Ripley's Game

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Ripley's Game

Tom Ripley, the prodigiously gifted sociopath of Patricia Highsmith's novels, has proven to be an extraordinarily resonant and enduring figure in both literature and film, because he dramatizes the dark underside of America's obsession with upward mobility and dramatic reinvention. Ripley wants desperately to be loved and admired, and he's willing to kill as many people and adopt as many new personas as necessary to make that happen.

Highsmith's Ripley books have already formed the basis for three major films (Purple Noon by René Clément in 1960, Wim Wenders' The American Friend in 1977, and Anthony Minghella's The Talented Mr. Ripley in 1999). But Ripley's cinematic winning streak comes to an end with Liliana Cavani's Ripley's Game, a handsomely filmed but middling adaptation of the eponymous novel (previously used for The American Friend). What makes Ripley such a fascinating and multidimensional character is his combination of almost childlike emotional neediness and utter amorality, which makes it disappointing that Ripley's Game turns him into an ascot-wearing, ice-cold master criminal with a sexy wife and a giant mansion.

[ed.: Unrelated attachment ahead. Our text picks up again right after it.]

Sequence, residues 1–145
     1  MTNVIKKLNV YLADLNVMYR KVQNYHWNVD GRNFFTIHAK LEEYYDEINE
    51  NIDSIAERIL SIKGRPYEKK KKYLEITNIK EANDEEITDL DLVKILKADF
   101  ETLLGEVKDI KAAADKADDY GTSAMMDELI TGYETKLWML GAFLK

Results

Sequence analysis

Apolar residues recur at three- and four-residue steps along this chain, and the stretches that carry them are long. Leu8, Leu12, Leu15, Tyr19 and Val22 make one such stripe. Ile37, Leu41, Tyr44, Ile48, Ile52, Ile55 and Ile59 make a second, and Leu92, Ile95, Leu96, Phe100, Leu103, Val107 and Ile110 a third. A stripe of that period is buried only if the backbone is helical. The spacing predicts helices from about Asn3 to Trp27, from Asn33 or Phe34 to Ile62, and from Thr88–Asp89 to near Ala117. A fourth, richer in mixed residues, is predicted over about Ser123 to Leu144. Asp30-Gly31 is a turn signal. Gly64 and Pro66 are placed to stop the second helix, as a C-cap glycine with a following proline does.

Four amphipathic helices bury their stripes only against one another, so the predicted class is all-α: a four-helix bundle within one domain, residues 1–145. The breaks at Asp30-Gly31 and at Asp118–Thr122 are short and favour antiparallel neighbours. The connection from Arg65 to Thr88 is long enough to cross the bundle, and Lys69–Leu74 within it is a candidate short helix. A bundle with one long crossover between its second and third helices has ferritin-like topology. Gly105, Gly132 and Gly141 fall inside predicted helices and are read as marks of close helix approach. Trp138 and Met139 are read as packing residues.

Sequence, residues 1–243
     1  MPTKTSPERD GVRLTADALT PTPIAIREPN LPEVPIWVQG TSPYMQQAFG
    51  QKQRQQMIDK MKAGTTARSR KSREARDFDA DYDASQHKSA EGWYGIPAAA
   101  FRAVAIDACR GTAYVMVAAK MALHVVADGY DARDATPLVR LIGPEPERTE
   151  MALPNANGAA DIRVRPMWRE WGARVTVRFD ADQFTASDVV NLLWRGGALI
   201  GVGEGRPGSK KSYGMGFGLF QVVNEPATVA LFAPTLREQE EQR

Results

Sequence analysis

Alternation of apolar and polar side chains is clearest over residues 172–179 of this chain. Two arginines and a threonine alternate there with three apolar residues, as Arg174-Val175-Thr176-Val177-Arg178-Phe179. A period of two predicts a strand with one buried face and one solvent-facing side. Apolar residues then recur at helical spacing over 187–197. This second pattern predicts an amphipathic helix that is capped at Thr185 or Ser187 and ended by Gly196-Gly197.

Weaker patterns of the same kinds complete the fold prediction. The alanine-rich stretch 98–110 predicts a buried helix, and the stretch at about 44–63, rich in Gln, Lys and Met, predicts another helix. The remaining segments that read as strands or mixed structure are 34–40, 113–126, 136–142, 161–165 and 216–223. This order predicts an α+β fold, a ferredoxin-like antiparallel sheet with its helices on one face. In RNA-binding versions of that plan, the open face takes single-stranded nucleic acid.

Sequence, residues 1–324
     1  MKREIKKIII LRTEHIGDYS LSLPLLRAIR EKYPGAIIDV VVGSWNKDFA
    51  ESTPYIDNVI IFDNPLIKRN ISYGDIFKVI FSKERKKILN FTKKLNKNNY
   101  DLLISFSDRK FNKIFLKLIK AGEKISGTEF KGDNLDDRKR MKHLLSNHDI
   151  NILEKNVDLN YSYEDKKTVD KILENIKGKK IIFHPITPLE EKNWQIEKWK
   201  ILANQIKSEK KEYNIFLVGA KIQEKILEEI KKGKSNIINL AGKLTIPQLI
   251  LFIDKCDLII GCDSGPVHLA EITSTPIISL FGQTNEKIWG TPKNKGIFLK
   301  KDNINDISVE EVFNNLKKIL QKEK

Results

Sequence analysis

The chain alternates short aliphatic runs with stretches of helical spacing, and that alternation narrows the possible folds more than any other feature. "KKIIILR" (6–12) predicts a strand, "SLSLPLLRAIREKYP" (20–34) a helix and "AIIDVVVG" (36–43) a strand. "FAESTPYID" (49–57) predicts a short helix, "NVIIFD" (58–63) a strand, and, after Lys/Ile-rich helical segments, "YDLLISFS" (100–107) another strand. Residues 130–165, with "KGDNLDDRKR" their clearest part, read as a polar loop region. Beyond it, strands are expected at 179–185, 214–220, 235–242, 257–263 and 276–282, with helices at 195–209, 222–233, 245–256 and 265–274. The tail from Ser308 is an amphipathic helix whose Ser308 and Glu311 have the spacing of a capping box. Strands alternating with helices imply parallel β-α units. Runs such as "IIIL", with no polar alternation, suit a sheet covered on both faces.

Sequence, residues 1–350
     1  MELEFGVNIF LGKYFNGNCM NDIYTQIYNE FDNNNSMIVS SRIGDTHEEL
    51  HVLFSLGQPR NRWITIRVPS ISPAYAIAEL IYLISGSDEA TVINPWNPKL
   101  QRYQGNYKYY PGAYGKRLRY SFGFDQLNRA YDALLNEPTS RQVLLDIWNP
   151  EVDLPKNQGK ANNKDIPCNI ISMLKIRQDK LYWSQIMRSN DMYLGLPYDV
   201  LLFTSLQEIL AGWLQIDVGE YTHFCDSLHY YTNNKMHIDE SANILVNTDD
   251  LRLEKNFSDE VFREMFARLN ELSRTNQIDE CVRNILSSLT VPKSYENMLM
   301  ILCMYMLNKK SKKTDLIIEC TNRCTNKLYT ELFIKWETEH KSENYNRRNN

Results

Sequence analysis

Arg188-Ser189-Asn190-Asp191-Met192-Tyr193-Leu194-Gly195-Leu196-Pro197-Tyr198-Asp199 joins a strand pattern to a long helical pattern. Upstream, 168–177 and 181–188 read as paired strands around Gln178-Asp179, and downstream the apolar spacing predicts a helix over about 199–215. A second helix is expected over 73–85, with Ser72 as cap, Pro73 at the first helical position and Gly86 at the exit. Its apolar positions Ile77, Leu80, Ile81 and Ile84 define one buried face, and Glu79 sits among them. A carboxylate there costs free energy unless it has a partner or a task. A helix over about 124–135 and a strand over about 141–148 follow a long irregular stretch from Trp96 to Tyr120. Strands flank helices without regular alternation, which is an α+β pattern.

This time out, John Malkovich plays the title role, applying his signature effete menace to a character who views the rest of the world with aristocratic disdain and a chilly glare. Dougray Scott co-stars as a seriously ill framer on a job for a hood (Ray Winstone) who wants a rival businessman killed in exchange for money that will support Scott's family after he dies. Ripley's Game fatally lacks the squirmy, desperate humanity that made Wenders' take on the same material so hauntingly tragic. Like Malkovich's suavely generic international criminal, it's all craft and no soul, with complexity and depth functioning as collateral damage for its slick thriller mechanics.

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